AWS Public Sector Blog

Creating a Long-Term Smart Cities Vision with AWS

Cities worldwide are improving citizen services and economic and environmental outcomes through technology, while also seeking to create a vision of what a smart, connected, and sustainable city of the future will look like. While you can start building and experimenting today, it’s important to have a long-term vision and a set of principles to guide you in building cost-effective, adaptable, secure, and low-risk solutions during a time of rapid technological change.

Some starting points to consider include:

  • Cities collect an increasing amount of data. In order to integrate data with other sources, data sources should also be open and accessible.
  • Connected devices and IoT sensors are becoming more prevalent, powerful, and cheaper.
  • The rise of machine learning (ML) continues in a range of applications, both in the cloud and at the edge.

A smart city platform is made up of inputs, processes, and outputs. This approach highlights the centrality and importance of data, which can help you build the right solutions for the long and short term.


City data is collected from a wide and growing array of sources. These can be legacy data sources, IoT sensors that transmit data securely and at scale to the cloud, or video and audio sources that can be analyzed at the edge using a trained machine learning model deployed with AWS Greengrass. People can also be sources of data via mobile apps and wearable devices. And open data portals, such as the Registry of Open Data on AWS, can also enrich your data.

Customers and partners can develop data ingestion capabilities using AWS services, like Amazon FreeRTOS, AWS IoT Core, AWS Greengrass, Amazon Kinesis, and Amazon Kinesis Video Streams. Starting with a small volume of data, they can then scale to cater to millions of devices and messages, only ever paying for what they use.

One customer example is the City of Newport in Wales, UK, who partnered with system integrator Pinacl Solutions and IoT solution provider Davra Networks to build an ingestion network for air quality, water, and waste Management IoT sensors. Another example is, which provides the citizens of Jakarta, Indonesia with real-time flood information collected using IoT water-level sensors and crowd-sourced data. And Miovision brings connected sensors to existing infrastructure and uses data to enable analytics that improve transport planning.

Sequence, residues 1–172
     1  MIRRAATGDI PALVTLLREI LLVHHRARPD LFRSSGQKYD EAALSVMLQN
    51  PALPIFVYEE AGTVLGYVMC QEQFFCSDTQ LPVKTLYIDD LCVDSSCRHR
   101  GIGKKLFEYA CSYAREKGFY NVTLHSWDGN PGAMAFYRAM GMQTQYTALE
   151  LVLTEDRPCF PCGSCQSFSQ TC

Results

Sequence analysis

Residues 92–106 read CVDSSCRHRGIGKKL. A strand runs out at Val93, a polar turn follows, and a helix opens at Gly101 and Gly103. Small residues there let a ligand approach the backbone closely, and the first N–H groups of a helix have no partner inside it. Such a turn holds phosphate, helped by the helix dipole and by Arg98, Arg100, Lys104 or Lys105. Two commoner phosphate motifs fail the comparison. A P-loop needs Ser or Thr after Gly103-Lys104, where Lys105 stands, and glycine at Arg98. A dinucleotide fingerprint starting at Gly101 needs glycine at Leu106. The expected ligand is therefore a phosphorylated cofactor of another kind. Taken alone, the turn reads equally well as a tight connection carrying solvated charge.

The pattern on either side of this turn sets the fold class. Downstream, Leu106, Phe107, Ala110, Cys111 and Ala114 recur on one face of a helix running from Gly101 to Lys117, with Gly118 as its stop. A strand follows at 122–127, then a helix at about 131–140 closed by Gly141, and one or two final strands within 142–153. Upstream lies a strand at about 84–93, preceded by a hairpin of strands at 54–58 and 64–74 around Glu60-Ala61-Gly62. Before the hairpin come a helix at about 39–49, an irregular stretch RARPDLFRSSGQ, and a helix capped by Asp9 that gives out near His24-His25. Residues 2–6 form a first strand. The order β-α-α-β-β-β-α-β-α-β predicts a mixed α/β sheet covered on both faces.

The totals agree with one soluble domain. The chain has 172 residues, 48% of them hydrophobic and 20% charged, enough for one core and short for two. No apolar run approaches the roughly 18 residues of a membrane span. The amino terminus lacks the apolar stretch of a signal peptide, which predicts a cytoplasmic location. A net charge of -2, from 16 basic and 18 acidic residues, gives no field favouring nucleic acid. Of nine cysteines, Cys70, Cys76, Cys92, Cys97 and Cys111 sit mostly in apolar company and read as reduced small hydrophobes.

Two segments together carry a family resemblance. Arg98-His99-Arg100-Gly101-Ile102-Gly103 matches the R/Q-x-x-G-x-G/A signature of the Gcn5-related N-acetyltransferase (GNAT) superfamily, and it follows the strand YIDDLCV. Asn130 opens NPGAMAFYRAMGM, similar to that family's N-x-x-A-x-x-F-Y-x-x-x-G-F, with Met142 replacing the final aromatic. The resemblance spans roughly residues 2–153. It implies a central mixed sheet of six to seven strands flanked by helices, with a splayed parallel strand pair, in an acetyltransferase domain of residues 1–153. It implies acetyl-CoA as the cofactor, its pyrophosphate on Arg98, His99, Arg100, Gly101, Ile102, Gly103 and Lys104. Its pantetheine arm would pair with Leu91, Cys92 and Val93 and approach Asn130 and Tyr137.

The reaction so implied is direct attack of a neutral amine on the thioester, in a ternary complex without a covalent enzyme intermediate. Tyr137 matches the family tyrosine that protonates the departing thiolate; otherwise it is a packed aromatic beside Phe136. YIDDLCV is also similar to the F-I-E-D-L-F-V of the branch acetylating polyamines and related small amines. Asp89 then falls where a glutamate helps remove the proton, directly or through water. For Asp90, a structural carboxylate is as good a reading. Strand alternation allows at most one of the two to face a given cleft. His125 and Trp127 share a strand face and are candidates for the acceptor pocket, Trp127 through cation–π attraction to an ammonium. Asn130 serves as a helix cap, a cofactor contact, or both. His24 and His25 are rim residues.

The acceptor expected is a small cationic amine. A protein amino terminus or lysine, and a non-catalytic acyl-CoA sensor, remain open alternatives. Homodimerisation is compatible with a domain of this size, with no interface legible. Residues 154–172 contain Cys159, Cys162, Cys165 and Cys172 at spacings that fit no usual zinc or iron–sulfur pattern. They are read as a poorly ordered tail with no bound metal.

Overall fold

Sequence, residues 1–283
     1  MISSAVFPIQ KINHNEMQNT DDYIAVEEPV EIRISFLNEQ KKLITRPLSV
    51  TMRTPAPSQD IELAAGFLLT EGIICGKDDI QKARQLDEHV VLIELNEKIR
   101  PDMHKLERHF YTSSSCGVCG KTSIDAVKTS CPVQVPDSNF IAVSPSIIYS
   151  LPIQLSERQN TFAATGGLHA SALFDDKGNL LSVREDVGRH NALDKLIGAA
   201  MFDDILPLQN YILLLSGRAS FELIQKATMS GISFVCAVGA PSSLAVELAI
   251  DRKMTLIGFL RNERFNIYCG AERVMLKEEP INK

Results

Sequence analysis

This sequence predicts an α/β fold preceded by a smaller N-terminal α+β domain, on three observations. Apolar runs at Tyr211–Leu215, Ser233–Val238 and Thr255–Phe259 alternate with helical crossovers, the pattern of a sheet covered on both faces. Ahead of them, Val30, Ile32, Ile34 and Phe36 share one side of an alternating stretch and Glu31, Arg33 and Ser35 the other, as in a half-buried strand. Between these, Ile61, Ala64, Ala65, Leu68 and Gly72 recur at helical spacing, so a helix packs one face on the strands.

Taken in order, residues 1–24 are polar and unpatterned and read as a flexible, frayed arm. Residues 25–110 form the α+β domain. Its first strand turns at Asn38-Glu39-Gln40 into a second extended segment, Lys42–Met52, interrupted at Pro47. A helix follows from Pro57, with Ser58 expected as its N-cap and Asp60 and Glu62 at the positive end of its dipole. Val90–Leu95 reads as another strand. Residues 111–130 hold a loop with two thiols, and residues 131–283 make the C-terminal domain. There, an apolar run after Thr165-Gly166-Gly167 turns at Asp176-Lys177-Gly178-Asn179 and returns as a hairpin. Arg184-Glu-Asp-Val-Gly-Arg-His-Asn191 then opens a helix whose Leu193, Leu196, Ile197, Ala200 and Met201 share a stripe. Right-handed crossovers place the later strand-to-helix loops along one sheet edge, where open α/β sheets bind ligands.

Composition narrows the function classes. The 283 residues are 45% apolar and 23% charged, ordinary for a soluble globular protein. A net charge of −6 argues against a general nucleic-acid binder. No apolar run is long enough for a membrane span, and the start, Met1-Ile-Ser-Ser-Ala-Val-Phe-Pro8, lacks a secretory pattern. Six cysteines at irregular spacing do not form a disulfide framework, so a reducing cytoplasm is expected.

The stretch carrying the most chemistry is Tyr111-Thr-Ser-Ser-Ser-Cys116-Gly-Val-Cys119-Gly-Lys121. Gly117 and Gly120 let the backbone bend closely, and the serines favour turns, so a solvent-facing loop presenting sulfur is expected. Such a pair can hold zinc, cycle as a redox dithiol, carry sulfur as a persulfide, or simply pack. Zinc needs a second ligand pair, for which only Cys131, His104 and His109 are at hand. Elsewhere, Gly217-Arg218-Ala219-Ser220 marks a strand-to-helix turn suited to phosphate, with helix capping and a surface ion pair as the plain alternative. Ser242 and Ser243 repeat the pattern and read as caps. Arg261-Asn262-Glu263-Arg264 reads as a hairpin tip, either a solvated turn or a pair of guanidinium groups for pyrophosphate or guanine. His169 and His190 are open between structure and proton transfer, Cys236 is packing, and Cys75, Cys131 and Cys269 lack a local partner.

Once you’ve ingested data in the cloud, you need to act on and store the data for later use. Amazon S3 is a highly reliable, secure, and scalable object store ideal for smart city solutions. Once data has moved to S3, customers can use services like AWS Glue, AWS IAM, and AWS Lambda to build a data lake that can transform and enrich their raw data, making it available for analytics and other solutions.

Customers can build their own data lake and data management platform or engage with our smart cities partners like C3 IoT, Xaqt, and ThingLogix. For example, Kansas City, Missouri, turned to Xaqt to take all of the data being generated by disparate devices day and night, plus more than 4,200 existing datasets, and turn it into tangible outcomes.

Whichever path you choose, the acquisition, storage, and management of your city data will help support evidence-based decision-making and help you build data assets for public use and future innovation.


A city’s data can support many use cases. With AWS, you can:

Find out more about building a scalable, secure, adaptable and future-proof smart city platform on AWS at AWS for Smart, Connected and Sustainable Cities and AWS Marketplace – Smart City Solutions.  And get ideas from the AWS City on a Cloud Innovation Challenge winners.

And listen to the “Using IoT for Smart Cities” podcast here.

A post by Craig Lawton, Smart Australia & IoT Specialist, Solution Architecture, ANZ, Worldwide Public Sector, AWS

AWS Public Sector Blog Team

AWS Public Sector Blog Team

The Amazon Web Services (AWS) Public Sector Blog team writes for the government, education, and nonprofit sector around the globe. Learn more about AWS for the public sector by visiting our website (, or following us on Twitter (@AWS_gov, @AWS_edu, and @AWS_Nonprofits).